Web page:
“Paying yourself first” is a powerful habit that follows naturally after your budget is on point. Find a dollar amount that you can commit to. You only have to make that hard decision once. Once it’s done, the funds will be transferred automatically, almost like auto-pay for your bills (except you’re gaining something in the process).
Tackle Your Debt
If you are drowning in high-interest debt, now is the time to start tackling those bills. Credit card debt and wealth-building do not go hand in hand. By proactively paying down your high-interest debt, you will free up precious cash flow that you can use to begin investing.
The S&P averages around 7% annually. Credit cards can carry interest rates of 20% and above. The math speaks for itself.
From a psychological level, you’re not counting on the funds that go towards your debts for other uses, so the switch from paying down debt to investing should not be very painful at all. If anything, knowing that those dollars are going towards something productive should be liberating.
Anxieties About Investing
If the reason that you haven’t gotten started is due to fear or anxiety of investing, that is understandable.
Luckily, you do not have to go to school and major in finance or work on Wall Street to be successful as an investor. A basic understanding of how the markets work, along with familiarizing yourself with different asset classes, will go a long way.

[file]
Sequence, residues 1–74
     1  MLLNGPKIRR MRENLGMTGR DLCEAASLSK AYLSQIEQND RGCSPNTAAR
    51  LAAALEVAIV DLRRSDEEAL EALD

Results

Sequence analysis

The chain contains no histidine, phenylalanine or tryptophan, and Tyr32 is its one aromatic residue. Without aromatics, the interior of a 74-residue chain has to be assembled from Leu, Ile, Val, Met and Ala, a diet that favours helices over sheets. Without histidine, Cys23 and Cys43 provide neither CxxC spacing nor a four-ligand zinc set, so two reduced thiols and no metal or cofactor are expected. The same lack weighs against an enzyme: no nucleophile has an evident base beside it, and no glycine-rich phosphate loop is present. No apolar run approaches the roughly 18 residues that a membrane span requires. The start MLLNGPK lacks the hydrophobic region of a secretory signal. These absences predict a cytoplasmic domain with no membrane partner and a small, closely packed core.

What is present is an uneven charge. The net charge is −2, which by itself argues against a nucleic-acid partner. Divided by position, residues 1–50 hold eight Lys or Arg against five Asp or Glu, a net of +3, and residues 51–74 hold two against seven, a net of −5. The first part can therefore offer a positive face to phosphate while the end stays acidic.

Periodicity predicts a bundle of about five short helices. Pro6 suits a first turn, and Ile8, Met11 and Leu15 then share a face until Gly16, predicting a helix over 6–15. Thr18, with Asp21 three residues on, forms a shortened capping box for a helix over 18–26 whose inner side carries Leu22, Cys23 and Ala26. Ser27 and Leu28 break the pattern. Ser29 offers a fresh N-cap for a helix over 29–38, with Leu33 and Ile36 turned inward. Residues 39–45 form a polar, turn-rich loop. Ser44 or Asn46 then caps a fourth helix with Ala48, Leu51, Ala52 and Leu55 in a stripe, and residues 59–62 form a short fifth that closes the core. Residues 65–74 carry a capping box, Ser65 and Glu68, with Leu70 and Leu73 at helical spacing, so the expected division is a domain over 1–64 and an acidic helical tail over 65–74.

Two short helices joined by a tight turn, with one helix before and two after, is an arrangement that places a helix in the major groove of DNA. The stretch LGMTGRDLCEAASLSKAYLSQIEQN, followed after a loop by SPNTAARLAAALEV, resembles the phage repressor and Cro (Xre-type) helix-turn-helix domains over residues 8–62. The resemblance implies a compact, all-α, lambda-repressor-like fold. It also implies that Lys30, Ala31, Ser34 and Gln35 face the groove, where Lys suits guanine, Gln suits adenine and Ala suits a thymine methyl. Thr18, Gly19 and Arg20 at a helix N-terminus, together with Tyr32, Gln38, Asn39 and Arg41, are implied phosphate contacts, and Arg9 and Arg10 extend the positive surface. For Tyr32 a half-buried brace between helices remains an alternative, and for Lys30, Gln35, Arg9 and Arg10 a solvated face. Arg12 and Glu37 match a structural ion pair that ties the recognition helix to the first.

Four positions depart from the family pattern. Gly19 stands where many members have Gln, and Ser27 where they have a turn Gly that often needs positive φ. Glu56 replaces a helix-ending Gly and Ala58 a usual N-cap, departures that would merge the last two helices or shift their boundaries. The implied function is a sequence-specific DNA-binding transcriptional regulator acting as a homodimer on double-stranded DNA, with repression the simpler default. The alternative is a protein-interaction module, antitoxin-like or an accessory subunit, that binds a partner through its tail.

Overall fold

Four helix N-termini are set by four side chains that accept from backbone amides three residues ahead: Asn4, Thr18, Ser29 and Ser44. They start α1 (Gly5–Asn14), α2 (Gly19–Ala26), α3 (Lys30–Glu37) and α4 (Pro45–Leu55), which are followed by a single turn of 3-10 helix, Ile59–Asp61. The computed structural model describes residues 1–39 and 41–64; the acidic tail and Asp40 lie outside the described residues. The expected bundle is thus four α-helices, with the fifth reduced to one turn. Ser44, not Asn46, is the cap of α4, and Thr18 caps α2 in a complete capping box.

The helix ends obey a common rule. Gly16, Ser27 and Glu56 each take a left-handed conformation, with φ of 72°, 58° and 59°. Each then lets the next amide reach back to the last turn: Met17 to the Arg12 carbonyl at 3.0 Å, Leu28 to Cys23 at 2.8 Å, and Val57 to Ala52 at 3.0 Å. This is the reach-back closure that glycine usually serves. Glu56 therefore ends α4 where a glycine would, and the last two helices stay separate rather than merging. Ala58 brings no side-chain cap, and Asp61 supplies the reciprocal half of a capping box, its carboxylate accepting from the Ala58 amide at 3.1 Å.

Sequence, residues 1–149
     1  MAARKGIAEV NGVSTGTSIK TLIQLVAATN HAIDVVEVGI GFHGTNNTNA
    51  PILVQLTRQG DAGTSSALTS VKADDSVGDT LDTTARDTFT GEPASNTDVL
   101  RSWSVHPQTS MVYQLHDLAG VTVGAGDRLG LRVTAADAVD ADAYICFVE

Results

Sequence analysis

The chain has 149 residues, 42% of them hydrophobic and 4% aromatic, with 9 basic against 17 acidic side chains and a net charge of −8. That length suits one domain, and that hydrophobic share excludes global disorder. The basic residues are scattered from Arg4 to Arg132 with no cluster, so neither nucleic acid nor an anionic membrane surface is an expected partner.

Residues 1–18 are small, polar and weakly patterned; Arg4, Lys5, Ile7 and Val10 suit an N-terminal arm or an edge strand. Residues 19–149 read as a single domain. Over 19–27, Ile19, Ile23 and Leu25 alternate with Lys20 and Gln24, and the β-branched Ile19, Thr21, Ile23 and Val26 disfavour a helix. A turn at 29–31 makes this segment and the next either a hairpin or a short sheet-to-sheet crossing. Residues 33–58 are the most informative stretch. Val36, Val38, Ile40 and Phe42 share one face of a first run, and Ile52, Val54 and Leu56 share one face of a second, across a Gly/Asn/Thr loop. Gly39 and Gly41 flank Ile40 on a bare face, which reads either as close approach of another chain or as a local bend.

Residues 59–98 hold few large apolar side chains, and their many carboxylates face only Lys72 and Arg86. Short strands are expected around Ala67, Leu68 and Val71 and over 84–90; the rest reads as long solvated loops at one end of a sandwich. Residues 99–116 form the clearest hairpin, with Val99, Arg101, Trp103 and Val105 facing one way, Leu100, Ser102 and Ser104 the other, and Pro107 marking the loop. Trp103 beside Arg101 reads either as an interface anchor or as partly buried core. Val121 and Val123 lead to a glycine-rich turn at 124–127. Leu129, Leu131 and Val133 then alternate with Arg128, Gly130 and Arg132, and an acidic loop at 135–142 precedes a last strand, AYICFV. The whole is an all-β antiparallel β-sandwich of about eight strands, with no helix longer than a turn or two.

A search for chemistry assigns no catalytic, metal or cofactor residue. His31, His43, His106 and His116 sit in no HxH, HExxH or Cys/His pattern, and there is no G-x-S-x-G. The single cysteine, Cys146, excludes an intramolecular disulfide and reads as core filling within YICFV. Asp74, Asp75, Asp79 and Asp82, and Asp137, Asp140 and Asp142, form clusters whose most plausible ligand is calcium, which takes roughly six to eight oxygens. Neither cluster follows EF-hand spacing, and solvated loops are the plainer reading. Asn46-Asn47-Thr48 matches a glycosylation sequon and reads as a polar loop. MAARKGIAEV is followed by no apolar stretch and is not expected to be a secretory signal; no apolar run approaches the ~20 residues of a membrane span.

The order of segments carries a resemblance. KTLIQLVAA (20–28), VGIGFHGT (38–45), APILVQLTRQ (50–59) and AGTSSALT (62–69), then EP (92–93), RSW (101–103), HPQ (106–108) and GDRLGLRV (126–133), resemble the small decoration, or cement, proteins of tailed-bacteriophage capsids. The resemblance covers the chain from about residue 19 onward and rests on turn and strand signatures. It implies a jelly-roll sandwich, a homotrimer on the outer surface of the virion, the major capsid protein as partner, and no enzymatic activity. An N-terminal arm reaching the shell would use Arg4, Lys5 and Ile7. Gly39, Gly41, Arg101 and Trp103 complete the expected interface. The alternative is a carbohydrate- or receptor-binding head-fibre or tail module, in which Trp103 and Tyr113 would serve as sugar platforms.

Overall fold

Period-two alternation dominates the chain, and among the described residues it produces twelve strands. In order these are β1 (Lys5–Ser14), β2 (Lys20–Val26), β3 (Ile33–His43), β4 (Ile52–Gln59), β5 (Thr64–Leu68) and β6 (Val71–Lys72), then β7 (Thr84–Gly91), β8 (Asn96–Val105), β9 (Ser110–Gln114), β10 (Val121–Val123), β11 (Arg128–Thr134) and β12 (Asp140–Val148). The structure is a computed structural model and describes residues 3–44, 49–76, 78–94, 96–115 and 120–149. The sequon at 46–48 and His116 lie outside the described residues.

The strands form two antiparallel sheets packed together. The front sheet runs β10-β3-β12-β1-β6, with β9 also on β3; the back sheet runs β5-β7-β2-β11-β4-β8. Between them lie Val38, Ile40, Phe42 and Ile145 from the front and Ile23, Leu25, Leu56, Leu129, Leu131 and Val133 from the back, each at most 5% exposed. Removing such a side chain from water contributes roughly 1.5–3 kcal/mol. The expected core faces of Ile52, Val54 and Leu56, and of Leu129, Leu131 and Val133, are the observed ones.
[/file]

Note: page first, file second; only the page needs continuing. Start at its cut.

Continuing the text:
There are plenty of great reads that can give you an introduction to investing (a quick Google search will provide you with some respected titles). If you prefer to learn online, there are plenty of courses, YouTube videos, and websites (like this one) that will show you the ropes. Furthermore, if you choose to enlist the help of a licensed financial professional, they should be able to help you plan for and mitigate risks in your portfolio.
Investing in Your 30s: IRAs and 401(k)s
Luckily, retirement is still likely a couple of decades away for you, so if you haven’t started investing, it’s not the end of the world. However, if you’re not already, now is the time to get serious about accumulating assets for your eventual retirement. Your company 401(k) is likely a great place to start.